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A re-branded and relaunched MCM wants to be a mega brand of the one-tens.


To achieve that lofty goal, the company will have to reestablish itself in the U.S., where it had a foothold in the Eighties, but saw its business falter as consumer preferences shifted to less overt signs of luxury.

MCM has started to take some steps, including recently opening its first U.S. flagship, a 4,000-square-foot unit at 100 Greene Street in Manhattan’s SoHo and launching on Feb. 10 the company’s first e-commerce site, a precursor to a larger global rollout the company’s planning. MCM’s existing Web site is not transactional.

“We want to launch the e-commerce business in the most competitive market in the world,” said Paolo Fontanelli, international chief executive officer of MCM. “That’s why we’re starting in the U.S. We’ll learn from this experience and then [go] to other parts of the world. There will also be  sites in Asia and Europe.”

Patrick Valeo III, MCM’s president, said, “America is crucial this year. We’re planning aggressive growth for the future. We’re going to roll out more U.S. stores in the spring. We’ll also have a big focus on South America, where we have a great following. We do great business in Canada at Holt Renfrew and we’ll open our own stores there.”

Valeo said MCM is close to signing leases in Las Vegas at resorts such as the Wynn, the Forum Shops at Caesar’s Palace and CityCenter. Sites are also being sought in Los Angeles, San Francisco, Chicago, Houston, Honolulu and Miami and Bal Harbour, Fla. as well as Brazil, Mexico and the Caribbean. A small shop has been operating at the Plaza Hotel in Manhattan for six years.


The company is also trying to rekindle its relationships with American retailers, including Neiman Marcus and Bergdorf Goodman, which sell the brand online. Valeo said sales volume at Bloomingdale’s is growing. And at the retailer’s 59th Street flagship, MCM is moving from the balcony to more prestigious shop-in-shops for men and women on the main floor. MCM is also expanding its first floor presence at Saks Fifth Avenue.

“We’ll do exclusive products for some of our partners and we won’t over distribute,” Valeo said, referring to the glut of MCM products in the Eighties that flooded the market and lead to counterfeits that hurt the brand’s image.

MCM has been partnering with everyone from Big-O, the notorious artist and director of Japanese hip-hop label Phenomenon, to German artist Stefan Strumbel, whose work is a mash-up of cuckoo clocks, masks, crucifixes and street and pop art references. Future collaborations with Beats by Dr. Dre, Ekocycle and Tobias Rehberger are designed to set MCM apart from what Fontanelli called “the more staid competition. We have the ambition to become the new school of luxury, not the old and boring school of luxury. Our DNA is to be fun and different than all the others.”

MCM, which stands for Mode Creation Munich, has introduced a diverse assortment of new collections, both understated and edgy, in an effort to attract shoppers who prefer not to wear their luxury branding on their handbags, accessories and luggage — a major change in strategy from its Eighties heyday, when the MCM logo was plastered over everything. “The more evolved consumer is getting away from the very visible logo,” said Fontanelli said. “For very sophisticated consumers, you need another collection.”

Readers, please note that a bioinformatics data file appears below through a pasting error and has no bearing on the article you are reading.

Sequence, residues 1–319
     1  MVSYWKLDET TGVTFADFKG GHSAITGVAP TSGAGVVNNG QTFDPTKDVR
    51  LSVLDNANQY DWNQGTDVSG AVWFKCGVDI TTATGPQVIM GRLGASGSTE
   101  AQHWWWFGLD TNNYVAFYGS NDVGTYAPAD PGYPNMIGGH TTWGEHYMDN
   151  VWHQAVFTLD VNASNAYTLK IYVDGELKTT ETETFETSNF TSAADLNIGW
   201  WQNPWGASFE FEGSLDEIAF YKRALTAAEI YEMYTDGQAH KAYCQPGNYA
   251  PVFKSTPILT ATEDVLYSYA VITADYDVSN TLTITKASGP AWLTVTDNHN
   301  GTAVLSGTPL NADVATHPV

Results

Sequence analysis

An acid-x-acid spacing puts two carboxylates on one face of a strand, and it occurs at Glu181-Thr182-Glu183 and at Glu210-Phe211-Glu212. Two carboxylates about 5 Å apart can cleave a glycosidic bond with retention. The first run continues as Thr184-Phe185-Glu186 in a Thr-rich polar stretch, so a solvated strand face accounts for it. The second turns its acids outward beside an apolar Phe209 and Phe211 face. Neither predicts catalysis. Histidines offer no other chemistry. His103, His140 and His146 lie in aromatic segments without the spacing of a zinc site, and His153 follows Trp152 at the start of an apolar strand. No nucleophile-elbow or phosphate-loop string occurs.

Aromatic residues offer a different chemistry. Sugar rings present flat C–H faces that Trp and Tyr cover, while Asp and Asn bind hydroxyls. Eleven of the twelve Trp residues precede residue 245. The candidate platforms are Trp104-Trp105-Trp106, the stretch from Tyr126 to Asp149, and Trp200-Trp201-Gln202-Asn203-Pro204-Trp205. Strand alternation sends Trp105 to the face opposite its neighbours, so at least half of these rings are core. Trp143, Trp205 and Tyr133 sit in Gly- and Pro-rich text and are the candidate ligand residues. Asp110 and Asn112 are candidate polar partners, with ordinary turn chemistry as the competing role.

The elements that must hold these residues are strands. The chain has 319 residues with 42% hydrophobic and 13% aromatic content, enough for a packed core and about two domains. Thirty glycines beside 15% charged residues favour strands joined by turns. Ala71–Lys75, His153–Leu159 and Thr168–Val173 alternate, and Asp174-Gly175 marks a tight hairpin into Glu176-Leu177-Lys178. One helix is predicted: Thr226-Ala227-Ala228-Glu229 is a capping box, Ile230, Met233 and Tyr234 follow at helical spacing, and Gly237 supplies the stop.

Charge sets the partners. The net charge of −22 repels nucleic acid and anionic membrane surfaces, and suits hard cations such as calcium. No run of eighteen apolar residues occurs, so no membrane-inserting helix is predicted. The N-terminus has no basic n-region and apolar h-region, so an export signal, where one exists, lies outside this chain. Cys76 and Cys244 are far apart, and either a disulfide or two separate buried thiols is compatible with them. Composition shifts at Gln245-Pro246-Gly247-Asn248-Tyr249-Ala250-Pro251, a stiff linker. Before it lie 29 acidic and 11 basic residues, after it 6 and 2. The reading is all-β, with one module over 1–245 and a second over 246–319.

Not that the company is ready to part with its famous Cognac Visetos all-over MCM logo, laurel and diamond pattern, a least not just yet. “We sell the heritage part of the collection pretty well, but that’s not enough,” Fontanelli said. A line designed by a Tuscany-based team and featuring Italian leather provides the made in Italy provenance that “can really give MCM credibility at the luxury level,” Fontanelli said. “Today, we feel we have a product that’s more fun and more adequate for the young consumer’s needs.”

Despite its setbacks, MCM is still a powerhouse with $500 million in global sales, most of which is done in Asia. MCM is the second-biggest airport brand in Korea, an important duty-free market, and the company aspires to overtake Cartier to be number one. The company is nothing if not tenacious — after falling from grace two decades ago, it’s preparing to celebrate its 40th anniversary in 2016. A coffee table book published for the occasion will feature the brand’s blingy beginning and sophisticated new style. The company is courting a diverse customer base of fashion girls, celebrities and soccer moms with a modern sensibility visible in a Goyard-esque collection of handbags, shoppers, knapsacks and crossbodies decorated with geometric diamond graphics in searing block colors. A “red carpet” collection of backpacks, evening bags and clutches boldly encrusted with Swarovski crystals is priced from $2,100 to $2,975, while Strumbel’s products emblazoned with the legend, “Heimat [Homeland] Loves You!” and embroidered with a Day-Glo emblem, $650 to $2,100.

The company’s entry into ready-to-wear consists mostly of leather and shearling coats, jackets and vests and jeans, but Valeo said, “there are many other segments we could get into. With rtw, we’re just scratching the surface.”

Black painted wood floors, black mirrors and hot rolled steel give the SoHo flagship an industrial vibe that’s punctuated by Strumbel’s stylized Bavarian clock and neon crosses. The heritage merchandise is relegated to the lower level, which has a more traditional decor.

“Even today, you have a logo-driven consumer,” Fontanelli said, but clearly, the emphasis is on less dominant logo displays. It remains to be seen whether younger consumers will gravitate toward MCM, which helped establish the trend for conspicuous logos on luxury products. “There’s always a cycle,” Valeo said, referring to the ebb and flow of demand for demonstrative brand signifiers.

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